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Role of Confirmation Bias in Suspect Interviews: A Systematic Evaluation

NCJ Number
Legal and Criminological Psychology Volume: 13 Issue: Part 2 Dated: September 2008 Pages: 357-371
Carole Hill; Amina Memon; Peter McGeorge
Date Published
September 2008
This study examined relationships between presumptions of guilt and interviewing styles.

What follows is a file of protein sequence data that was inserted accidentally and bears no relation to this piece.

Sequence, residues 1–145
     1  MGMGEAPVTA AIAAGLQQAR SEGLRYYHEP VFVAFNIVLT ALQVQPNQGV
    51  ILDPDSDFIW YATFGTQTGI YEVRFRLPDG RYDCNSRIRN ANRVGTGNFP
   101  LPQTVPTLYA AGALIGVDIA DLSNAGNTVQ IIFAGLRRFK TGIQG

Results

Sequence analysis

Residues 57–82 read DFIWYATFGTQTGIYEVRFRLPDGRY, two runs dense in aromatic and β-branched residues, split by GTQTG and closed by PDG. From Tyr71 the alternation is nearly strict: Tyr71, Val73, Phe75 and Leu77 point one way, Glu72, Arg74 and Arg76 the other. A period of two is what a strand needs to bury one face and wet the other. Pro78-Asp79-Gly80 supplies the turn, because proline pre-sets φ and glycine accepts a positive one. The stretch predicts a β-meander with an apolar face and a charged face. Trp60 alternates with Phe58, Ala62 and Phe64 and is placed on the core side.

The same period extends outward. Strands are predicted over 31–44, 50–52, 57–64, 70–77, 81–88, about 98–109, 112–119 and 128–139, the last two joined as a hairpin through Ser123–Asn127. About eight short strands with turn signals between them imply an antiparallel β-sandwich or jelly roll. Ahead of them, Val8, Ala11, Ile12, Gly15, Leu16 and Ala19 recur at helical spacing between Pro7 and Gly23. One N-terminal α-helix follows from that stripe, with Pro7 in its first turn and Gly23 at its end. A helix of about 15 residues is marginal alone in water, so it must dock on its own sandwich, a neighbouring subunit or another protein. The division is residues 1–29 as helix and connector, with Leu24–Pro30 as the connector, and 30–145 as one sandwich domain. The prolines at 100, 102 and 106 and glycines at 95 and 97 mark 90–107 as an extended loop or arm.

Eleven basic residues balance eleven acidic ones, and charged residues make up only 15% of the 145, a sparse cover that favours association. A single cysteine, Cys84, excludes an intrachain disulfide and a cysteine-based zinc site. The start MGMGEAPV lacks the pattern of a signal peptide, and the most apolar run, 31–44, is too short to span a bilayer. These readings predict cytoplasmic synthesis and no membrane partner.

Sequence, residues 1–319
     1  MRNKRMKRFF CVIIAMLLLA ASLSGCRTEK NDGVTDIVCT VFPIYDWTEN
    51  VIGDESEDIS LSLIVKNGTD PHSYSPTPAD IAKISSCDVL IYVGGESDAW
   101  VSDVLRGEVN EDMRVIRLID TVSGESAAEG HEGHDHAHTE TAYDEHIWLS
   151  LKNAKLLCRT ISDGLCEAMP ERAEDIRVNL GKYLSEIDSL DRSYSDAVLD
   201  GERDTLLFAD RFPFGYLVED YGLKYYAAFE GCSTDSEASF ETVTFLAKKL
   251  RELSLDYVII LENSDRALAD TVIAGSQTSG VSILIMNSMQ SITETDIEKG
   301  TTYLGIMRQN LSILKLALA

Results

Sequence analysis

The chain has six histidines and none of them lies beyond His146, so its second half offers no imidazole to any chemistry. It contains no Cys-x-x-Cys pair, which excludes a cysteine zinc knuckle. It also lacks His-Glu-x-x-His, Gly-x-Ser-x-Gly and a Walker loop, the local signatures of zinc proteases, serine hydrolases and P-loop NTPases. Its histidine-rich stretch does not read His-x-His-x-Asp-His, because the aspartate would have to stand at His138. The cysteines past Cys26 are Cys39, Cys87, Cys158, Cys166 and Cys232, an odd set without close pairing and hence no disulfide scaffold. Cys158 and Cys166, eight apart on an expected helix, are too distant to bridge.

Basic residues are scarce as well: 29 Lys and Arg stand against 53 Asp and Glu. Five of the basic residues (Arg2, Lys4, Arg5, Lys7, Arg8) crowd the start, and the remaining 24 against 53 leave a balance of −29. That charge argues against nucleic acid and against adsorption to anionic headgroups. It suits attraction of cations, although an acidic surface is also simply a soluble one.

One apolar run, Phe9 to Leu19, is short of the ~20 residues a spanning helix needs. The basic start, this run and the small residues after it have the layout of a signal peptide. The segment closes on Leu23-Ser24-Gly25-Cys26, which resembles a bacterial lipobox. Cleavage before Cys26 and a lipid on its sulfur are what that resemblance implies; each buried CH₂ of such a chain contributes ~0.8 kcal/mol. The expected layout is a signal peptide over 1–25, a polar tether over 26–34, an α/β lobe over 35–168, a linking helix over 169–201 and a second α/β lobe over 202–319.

The results indicate that expectations of guilt would indeed have an effect on questioning style and that this in-turn would lead to a self-fulfilling prophecy effect. There were three studies presented in this paper which systematically examined the effect of expectations of guilt on interviewer questioning style, confession, denial rates, and suspects' verbal behavior during an interview. In the first study, expectations of guilt resulted in the formulation of more guilt-presumptive questions even when participants were free to generate their own questions. In the second study, a significant association was found between suspect guilt/innocence and whether they confessed or denied, although there was no association between questioning style and confession or denial rates. However, in the third study, ratings of independent observers who listened to tape recordings of the suspect interviews indicated an influence of questioning style on the suspects' verbal behavior, whereby a self-fulfilling prophecy effect occurred. Data were derived from undergraduate students at a university in the United Kingdom who were recruited to participate in the three studies. In Study 1, 61 participants formulated questions that they wanted to ask a suspect to determine whether or not they cheated on a task. Prior to formulating their questions, participants were led to believe that the suspect was likely to be guilty or innocent. In Study 2, 45 innocent and guilty participants were interviewed with either guilt-presumptive questions or neutral questions. In the final study, 58 participants listened to a selection of audio taped interviews from Study 2. They then rated various aspects of the suspects' verbal behavior. Table and references